I suppose this image that was captured by Christina at Melissa and Chris’ wedding really is a good example of how I was born into the wrong era. I think I was meant to be around in the ’40s when my hats were more appropriate. The hat has many uses including keeping me from getting cooked by the insane Texas sun and hides the retreat of my hairline toward the North Pole. It also can be used to hide my inevitable bad hair days.
Born January 7th, 1934 Santa Monica, Calif.
I miss her dearly. My last living grandparent passed away on Wednesday very early in the morning. My uncle called at 5 a.m. from California with the news. We’d been expecting it for months. She had been stricken with terminal cancer last January and had been fighting since. In December she had been given two weeks to live but some how managed to last until today.
I was very close to her when I was little. My mom and dad split up when I was 6 and my brother and I went with my mother to live with my grandmother in the high deserts of Southern California. We lived in an adobe house in the desert with nothing in any direction except for an occasion house in the great distance. We lived with her until 1994 when she got a job that took her away.
She was a great adventurer. I think that my zeal for life and never ending search for adventure comes from her. At 64 years old she drove from Oregon to Maine across the country in a beat-up 1987 Chevy Sprint to visit her sister by herself. At 67 years old she got her first computer which was replaced by a laptop in 2008. 68-70 she would drive 50 miles one way twice a week to watch our son Edmond as a baby while we were in college. She loved her only great grandson. She was there when he was born.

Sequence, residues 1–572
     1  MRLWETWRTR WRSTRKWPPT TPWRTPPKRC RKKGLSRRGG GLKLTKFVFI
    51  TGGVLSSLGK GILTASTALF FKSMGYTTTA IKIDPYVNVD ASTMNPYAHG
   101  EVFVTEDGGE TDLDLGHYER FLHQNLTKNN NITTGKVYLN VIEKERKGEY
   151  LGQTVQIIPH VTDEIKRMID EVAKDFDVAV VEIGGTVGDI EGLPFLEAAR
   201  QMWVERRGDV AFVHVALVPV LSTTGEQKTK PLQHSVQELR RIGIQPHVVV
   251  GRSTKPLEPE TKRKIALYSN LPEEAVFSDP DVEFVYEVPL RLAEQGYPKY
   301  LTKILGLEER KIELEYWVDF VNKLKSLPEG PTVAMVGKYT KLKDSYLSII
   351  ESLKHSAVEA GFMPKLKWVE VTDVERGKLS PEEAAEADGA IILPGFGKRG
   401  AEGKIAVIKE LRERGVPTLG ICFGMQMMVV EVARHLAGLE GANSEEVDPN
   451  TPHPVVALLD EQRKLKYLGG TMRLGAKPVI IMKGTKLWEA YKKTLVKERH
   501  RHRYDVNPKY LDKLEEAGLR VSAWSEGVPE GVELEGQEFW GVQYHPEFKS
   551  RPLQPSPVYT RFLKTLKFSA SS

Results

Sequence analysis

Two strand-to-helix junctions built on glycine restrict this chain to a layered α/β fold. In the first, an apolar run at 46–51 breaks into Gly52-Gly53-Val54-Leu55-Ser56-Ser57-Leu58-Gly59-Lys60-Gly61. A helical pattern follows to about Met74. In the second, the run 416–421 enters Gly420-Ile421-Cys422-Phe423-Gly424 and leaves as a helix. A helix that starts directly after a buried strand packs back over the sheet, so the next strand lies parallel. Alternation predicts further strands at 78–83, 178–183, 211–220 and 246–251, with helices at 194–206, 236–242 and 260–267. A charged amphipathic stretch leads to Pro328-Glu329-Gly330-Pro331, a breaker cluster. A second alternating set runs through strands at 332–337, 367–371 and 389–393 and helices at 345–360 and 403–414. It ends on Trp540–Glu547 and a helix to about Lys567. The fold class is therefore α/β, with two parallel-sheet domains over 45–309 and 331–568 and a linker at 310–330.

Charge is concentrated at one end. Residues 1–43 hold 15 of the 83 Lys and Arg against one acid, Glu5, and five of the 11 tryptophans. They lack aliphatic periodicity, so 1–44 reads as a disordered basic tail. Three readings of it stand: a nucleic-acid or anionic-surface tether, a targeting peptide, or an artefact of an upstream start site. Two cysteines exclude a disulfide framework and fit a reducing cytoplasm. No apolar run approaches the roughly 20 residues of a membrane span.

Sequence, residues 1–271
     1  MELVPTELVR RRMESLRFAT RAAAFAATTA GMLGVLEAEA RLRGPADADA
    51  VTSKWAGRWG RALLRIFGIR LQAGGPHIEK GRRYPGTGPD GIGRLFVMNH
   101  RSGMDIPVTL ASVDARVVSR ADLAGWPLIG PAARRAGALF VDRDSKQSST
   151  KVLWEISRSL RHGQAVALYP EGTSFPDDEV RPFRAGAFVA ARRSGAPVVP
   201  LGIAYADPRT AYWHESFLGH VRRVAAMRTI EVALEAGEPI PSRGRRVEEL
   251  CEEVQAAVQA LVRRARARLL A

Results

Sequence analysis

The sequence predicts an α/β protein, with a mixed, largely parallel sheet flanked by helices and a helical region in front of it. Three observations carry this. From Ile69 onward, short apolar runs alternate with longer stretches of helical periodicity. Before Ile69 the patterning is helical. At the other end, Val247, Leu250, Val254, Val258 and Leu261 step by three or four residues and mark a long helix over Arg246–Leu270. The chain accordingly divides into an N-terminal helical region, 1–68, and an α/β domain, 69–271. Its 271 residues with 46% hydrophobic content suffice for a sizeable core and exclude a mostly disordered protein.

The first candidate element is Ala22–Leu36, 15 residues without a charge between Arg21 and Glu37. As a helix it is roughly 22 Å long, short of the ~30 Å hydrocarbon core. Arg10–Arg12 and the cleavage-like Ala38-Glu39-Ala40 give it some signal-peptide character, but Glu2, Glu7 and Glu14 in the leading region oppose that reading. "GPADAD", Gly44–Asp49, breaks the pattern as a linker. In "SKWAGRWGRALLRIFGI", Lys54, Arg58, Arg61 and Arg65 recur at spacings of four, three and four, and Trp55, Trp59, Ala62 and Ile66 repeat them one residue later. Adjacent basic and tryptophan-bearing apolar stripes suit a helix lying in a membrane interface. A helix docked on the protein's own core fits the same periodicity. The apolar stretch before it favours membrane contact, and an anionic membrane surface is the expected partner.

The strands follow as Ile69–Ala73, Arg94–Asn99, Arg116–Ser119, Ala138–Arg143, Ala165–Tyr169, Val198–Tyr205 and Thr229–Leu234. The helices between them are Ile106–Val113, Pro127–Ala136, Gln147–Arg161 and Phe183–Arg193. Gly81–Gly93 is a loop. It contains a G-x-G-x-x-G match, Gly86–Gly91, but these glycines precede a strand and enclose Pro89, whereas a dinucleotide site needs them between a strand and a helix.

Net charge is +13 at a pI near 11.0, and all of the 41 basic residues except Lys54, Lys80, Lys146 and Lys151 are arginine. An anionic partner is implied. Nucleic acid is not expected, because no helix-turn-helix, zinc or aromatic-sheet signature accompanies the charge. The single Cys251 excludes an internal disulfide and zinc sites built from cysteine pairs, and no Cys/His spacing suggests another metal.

Or son Edmond is the one hurt by her passing away more than anyone else, I think. He’s only 8 and is very sensitive. I have a Polaroid picture of him as a baby that Gram shot in our car which I look at from time to time. Seeing him as a baby makes me sad because he’s so different now, but it actually makes me sad even more to know that she was watching him that day and shot the picture. He’s not sure how to deal with the grief.
She had been living in Oregon alone in a spare room of her employers house until late 2007 and was having health problems. No family was left there anymore. Everyone had left the previous year. I got her kids to help her move to California where most of her children live and early the next year she was diagnosed with cancer.
She was a tough lady. Crazy in a lot of ways. She wasn’t afraid of anything. She always had a crazy scheme to make a buck, normally most of which never turned out working. But it never stopped her from trying it. She opened a wooden furniture and kits store in the 80s with everything made by my mother or uncle. I don’t even know what happened with that. I just have images that I remember from it.
I had the opportunity to visit with her on a business trip in September of 2008 and she was still her old self. She thrived on conflict and solving problems. We went to the beach with her for a few hours in Ventura and it is one of the most wonderful trips to the beach in my life. She sat in her wheelchair and talked with us in the sand as the kids played in the water. She went with us to a local fish place in the marina. We ate and talked and sadly had to think about leaving the whole time. When we left we had to explain to Edmond that he was going to have to say goodbye to Gram for the last time ever. I don’t cry often but I hate seeing my kids so sad. It was a very sad goodbye. It makes me cry to write about it.
Edmond and I both were influenced by this woman tremendously. She will never be forgotten. Goodbye Gram. You are in God’s hands.
Her memorial as published online in April 2009.